A friend, also a native Southerner, who shares my anger about the constant belittling of our kind and our place in this world, put it this way: "Nobody is going into an Atlanta bar tonight celebrating because they've just been transferred to New Jersey."
I was having lunch at an Atlanta golf club recently. I was talking with friends.
A man sitting at another table heard me speaking and asked, "Where are you all from?" He was mocking me. He was mocking my Southern accent. He was sitting in Atlanta, Ga., and was making fun of the way I speak.
He was from Toledo. He had been transferred to Atlanta. If I hadn't have been 46 years old, skinny and a basic coward with a bad heart, I'd have punched him. I did, however, give him a severe verbal dressing down.
I was in my doctor's office in Atlanta. One of the women who works there, a transplanted Northerner, asked how I
pronounced the world "siren."
I said I pronounced it "si-reen." I was half kidding, but that is the way I heard the word pronounced when I was a child.
The woman laughed and said, "You Southerners really crack me up. You have a language all your own."
Yeah we do. If you don't like it, go back home and stick your head in a snow bank.
They want to tell us how to speak, how to live, what to eat, what to think and they also want to tell us how they used to do it
back in Buffalo.
Buffalo? What was the score? A hundred and ten to Zip.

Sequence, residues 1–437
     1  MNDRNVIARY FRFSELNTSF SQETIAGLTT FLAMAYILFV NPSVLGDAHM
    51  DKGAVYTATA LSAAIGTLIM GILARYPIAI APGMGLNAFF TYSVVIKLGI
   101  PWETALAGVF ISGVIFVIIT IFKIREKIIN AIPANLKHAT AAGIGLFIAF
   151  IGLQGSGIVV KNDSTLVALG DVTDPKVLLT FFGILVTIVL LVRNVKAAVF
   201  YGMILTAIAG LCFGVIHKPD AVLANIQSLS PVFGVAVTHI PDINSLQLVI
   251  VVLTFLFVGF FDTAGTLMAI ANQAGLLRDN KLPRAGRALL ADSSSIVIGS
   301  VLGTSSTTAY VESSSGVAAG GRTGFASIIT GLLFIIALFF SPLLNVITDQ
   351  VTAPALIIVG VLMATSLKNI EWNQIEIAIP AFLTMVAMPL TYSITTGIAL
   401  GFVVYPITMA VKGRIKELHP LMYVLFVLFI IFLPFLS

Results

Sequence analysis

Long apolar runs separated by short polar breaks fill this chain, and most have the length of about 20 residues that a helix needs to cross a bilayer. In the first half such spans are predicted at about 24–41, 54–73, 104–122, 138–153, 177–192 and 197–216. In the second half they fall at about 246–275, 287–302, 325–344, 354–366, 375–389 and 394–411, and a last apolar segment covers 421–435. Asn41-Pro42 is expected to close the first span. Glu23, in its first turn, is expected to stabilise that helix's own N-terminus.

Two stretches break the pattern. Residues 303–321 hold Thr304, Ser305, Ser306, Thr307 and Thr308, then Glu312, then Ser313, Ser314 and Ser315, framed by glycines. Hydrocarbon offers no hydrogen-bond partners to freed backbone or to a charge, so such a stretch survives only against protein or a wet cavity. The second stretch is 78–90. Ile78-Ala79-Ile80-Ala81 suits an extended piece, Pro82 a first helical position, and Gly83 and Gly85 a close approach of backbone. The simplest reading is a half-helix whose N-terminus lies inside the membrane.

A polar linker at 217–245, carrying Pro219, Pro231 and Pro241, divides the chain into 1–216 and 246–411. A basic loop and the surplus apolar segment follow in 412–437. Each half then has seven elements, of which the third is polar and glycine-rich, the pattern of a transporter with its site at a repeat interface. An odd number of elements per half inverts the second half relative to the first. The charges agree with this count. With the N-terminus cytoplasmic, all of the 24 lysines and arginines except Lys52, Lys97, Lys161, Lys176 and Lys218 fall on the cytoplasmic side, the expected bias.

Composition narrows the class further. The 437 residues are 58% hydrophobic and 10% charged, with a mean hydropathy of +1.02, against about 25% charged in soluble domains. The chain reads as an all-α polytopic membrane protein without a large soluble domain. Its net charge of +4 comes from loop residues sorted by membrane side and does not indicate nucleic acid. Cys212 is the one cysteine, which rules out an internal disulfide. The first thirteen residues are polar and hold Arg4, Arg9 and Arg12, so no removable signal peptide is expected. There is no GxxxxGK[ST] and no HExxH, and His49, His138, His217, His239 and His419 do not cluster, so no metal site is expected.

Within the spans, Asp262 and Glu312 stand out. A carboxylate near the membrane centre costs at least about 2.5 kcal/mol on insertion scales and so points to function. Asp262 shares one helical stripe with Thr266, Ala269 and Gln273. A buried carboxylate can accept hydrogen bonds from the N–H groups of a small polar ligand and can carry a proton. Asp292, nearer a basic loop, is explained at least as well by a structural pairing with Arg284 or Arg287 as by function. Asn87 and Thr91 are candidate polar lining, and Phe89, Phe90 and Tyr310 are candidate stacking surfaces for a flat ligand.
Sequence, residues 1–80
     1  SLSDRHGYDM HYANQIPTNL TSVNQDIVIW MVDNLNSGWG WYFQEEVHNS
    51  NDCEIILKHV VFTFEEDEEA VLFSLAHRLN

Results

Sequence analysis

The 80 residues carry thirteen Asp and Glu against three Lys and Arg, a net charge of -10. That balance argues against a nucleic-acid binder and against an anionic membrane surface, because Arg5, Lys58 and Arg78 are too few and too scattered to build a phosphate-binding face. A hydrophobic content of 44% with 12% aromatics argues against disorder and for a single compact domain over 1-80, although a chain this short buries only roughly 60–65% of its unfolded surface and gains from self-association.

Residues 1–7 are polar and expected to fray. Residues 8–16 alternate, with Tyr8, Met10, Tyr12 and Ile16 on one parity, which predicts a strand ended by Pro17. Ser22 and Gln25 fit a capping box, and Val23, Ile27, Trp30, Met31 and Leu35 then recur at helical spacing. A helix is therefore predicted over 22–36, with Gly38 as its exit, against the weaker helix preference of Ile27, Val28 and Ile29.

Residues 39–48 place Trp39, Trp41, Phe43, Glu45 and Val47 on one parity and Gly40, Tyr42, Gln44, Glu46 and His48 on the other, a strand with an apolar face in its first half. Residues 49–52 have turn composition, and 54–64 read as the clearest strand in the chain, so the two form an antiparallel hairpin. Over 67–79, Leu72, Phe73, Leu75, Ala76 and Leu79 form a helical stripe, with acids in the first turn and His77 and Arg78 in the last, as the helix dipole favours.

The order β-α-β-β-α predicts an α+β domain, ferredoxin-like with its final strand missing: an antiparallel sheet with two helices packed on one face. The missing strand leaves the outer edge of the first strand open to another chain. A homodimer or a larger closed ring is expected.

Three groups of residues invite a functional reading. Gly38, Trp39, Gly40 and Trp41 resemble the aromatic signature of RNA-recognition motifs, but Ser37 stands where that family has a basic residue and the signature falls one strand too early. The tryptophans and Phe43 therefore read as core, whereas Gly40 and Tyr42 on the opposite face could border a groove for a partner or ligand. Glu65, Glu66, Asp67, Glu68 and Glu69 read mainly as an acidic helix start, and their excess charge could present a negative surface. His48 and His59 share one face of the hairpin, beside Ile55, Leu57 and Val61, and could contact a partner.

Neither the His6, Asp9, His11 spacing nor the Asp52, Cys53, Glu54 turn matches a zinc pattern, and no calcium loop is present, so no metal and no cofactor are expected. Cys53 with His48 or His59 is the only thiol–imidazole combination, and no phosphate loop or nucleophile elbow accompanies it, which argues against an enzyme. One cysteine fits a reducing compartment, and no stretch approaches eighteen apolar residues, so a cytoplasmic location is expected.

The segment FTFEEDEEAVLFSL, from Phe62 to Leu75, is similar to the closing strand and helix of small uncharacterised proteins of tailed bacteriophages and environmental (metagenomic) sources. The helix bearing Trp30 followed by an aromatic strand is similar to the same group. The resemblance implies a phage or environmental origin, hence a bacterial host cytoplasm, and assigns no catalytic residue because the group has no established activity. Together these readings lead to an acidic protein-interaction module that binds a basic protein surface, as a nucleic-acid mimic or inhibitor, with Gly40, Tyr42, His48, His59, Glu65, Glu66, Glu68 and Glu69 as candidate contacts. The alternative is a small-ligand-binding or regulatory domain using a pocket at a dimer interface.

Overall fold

The man writing on the op-ed page was writing about that bumper sticker that shows the old Confederate soldier and he's saying, "FERGIT HELL!" I don't go around sulking about the fact the South lost the Civil War. But I am aware that once upon a long time ago, a group of Americans saw fit to rebel against what they thought was an overbearing federal government. There is no record anywhere that indicates anybody in my family living in 1861 owned slaves. As a matter of fact, I come from a long line of sharecroppers, horse thieves and used car dealers. But a few of them fought anyway -- not to keep their slaves, because they didn't have any. I guess they simply thought it was the right thing to do at the time.
Whatever the reason, there was a citizenry that once saw fit to fight and die and I come from all that, and I look at those people as brave and gallant, and a frightful force until their hearts and their lands were burnt away.
I will never turn my back on that heritage.
But know this: I'm a white man and I'm a Southerner. And I'm sick of being told what is wrong with me from outside critics, and I'm tired of being stereotyped as a refugee from "God's Little Acre."
If I've said it once, I've said it a thousand times, and I'll probably have to say it a thousand times again.
Delta may be hurting financially, but it's still ready to take you back to Toledo when you are ready to go.
-- Published Feb. 5, 1993
Amazing how some things don't change.